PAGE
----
The C-Section went without a hitch and Jaxon Wyatt Barker was born at 12:47pm at 5lbs 9oz and 19in. It all happened so fast, and they showed him to me and Josh went with the pediatric staff while the surgeon stitched me up, and I dozed off. In the post-op room, I attempted to breastfeed, and gave Jaxon what colostrum I could manage to hand-express but the staff were not comfortable with his blood sugar levels and took him immediately to the NICU. It still hadn’t hit me. I was taken to my room to sleep and recover.
On May 5th, two days after he was born, I asked a nurse to take me to the NICU. I’d been a handful of times since then to visit and give them my pumped breastmilk for Jaxon, but this was the first time I’d be going without Josh, as he went home to take care of the dogs. Seeing him in the little see-through bassinet, all by myself. Having him placed in my arms and holding him, smelling him, feeling his little fingers and toes… it finally hit me. I was a mom. I had a baby. I had this baby. He was my baby. It was amazing and heartbreaking. That was the first moment I felt like a mom, and it was also the first moment I felt like I’d failed all that being a mom was supposed to be. I didn’t plan. I didn’t get to have him vaginally. I didn’t read the books. I didn’t stay informed. I didn’t fight to have him vaginally. I didn’t know my options. It was the beginning of a long three months of guilt and a journey of forgiving myself.
Once I was discharged as a patient, I was allowed to stay in the NICU’s Rooming-In room. He was breastfeeding great and was hardly being supplemented anymore, it was all looking good. I was placed in this room at day 6 of being in the NICU, in hopes that we’d be going home within 48 hours, but little buddy had other plans. He had a dsat spell, which meant his lungs were having some slight issues… and that we’d be there for another five days. I couldn’t tell you how many days and nights I cried. I would go for walks, and see the names change on the rooms of the mother-baby unit, knowing that they got to take their babies home and I was stuck there, waiting and not able to go home. What made it worse was that my room was an internal room and had no window, which made my baby-blues even worse. After those four days of observation, I was told he was doing great and just had to make it through the night without another dsat spell. I went to my room and slept, praying we’d be able to go home soon. I woke up right before the doctors did rounds and went and sat with Jaxon so I could hear the news I wanted, that he’d be in my room and on the road to going home. Hearing that he’d had another dsat spell early that morning broke my heart. I almost lost it and started crying right then. The doctor told me that because Jaxon had fixed his breathing on his own, they were only going to require three days of observation before reevaluation, but all I heard was more time in the hospital.
I hadn’t been home since that morning I went into labor at 2am. I wore the same four outfits, changing pieces out and switching them with things Josh brought. I was eating pizza, take out, nuked food and knew all the gossip within the entire NICU staff, ha. I stopped getting my hopes up and on that third day, I went to hear how he did expecting that we’d be there for longer, only to hear that he did great and he’d be in my room within a few hours. Let me tell you that going from a baby hooked up to a machine keeping track of practically every possible bodily function, and having a cordless, normal, newborn baby is one of the hardest, I think, adjustments as a parent. You’re constantly checking his pulse, breathing and temperature because before he needed all those cords, and now he just… doesn’t? It doesn’t compute.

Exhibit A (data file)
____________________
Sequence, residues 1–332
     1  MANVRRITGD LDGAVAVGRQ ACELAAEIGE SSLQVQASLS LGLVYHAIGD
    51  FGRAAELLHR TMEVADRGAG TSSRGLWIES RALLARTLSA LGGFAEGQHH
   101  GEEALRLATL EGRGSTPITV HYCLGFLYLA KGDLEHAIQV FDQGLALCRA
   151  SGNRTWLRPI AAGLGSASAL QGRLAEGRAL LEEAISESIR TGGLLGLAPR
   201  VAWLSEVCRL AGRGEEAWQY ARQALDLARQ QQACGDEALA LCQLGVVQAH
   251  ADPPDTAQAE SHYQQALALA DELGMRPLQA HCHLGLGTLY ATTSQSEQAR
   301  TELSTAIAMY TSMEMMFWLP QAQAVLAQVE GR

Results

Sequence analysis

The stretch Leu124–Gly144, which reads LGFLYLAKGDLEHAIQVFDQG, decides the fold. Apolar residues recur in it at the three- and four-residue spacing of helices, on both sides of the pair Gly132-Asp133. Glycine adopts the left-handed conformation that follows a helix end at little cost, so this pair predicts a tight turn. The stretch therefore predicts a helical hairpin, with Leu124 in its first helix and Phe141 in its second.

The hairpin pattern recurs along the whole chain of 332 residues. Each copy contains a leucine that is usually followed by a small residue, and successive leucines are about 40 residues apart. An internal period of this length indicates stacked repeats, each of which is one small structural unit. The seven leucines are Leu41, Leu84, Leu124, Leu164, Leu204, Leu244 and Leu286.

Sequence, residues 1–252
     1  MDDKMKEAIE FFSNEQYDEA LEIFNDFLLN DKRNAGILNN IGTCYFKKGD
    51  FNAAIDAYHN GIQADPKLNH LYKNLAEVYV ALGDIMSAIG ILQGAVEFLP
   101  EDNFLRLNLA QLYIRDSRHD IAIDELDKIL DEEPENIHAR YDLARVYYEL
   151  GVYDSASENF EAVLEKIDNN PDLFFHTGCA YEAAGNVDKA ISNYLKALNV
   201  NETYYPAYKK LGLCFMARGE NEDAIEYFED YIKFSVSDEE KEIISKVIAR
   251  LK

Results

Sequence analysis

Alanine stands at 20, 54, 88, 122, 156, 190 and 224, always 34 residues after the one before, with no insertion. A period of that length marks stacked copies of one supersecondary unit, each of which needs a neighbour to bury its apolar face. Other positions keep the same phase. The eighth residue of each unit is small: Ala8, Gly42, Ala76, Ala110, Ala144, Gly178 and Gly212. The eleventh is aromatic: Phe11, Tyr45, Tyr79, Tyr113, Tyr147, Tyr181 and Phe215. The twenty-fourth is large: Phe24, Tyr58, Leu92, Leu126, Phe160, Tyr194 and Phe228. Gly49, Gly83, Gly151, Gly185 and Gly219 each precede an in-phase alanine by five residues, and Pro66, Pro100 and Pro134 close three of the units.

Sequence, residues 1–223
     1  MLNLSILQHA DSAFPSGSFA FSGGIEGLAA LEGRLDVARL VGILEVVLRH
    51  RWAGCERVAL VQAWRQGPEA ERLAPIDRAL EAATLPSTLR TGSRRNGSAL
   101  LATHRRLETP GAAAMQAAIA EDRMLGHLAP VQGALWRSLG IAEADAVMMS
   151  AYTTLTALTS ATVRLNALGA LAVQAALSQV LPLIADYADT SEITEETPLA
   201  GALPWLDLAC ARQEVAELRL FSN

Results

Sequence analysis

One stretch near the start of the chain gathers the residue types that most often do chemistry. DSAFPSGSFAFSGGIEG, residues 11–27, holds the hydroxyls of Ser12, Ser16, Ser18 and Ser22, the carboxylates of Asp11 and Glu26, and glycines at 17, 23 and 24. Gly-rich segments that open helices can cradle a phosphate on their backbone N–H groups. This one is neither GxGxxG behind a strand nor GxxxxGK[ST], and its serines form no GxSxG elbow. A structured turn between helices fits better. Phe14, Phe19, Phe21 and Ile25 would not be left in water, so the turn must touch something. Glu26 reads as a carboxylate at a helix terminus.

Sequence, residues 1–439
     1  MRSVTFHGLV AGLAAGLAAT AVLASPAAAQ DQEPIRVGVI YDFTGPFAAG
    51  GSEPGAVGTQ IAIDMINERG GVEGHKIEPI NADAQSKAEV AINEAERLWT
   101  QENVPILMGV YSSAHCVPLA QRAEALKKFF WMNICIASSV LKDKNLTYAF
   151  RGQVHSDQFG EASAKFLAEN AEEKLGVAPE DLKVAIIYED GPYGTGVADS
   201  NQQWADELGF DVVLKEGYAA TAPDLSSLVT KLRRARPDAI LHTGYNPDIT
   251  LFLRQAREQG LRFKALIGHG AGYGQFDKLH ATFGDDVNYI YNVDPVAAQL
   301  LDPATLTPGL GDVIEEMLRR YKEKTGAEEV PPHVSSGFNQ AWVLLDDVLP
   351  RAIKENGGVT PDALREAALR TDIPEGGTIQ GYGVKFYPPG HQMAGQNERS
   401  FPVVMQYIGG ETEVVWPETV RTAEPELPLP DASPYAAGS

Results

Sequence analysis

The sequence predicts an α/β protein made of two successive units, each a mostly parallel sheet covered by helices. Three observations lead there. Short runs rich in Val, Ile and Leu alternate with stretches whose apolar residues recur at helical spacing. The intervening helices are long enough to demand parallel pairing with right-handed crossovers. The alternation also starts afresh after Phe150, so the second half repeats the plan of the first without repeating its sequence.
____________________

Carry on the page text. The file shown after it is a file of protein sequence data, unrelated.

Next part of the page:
Well, after a total of 16 days, we were released to go home. The longest 16 days of my life and by far some of the most emotionally straining days. He was a great baby, though. He slept well, ate well, fussed as normal and threw up occasionally due to my having oversupply of milk. It was quite the adjustment, but we made it work. I had baby blues which turned into a lot of guilt and emotional struggle relating to my c-section. It was three months of stress on our relationship but I realized that I had been blessed with the most amazing husband who had sympathy pain, enjoyed spending time taking care of his son and wife and that God provided me with a healthy and happy baby, no matter how he came into the world. My scar is still prominent and instead of reminding me of something I felt guilty and ashamed of, now it reminds me that God has a plan and works all things out together for my good. For the longest time Josh and I wondered if it was the stress of travel, the sex the night prior, the activity of my job, all of the above or just a chance that he was 29 days early. It wasn’t until our little Abigail was born 29 days early as well that we came to the conclusion that our babies, and God, had different plans than we did, no matter what we did, they were coming when they wanted. My NICU experiences have humbled me and ultimately brought me closer to God and my husband. I wasn’t quite thankful then, but looking back on our journey, I am so grateful for all that it’s given me.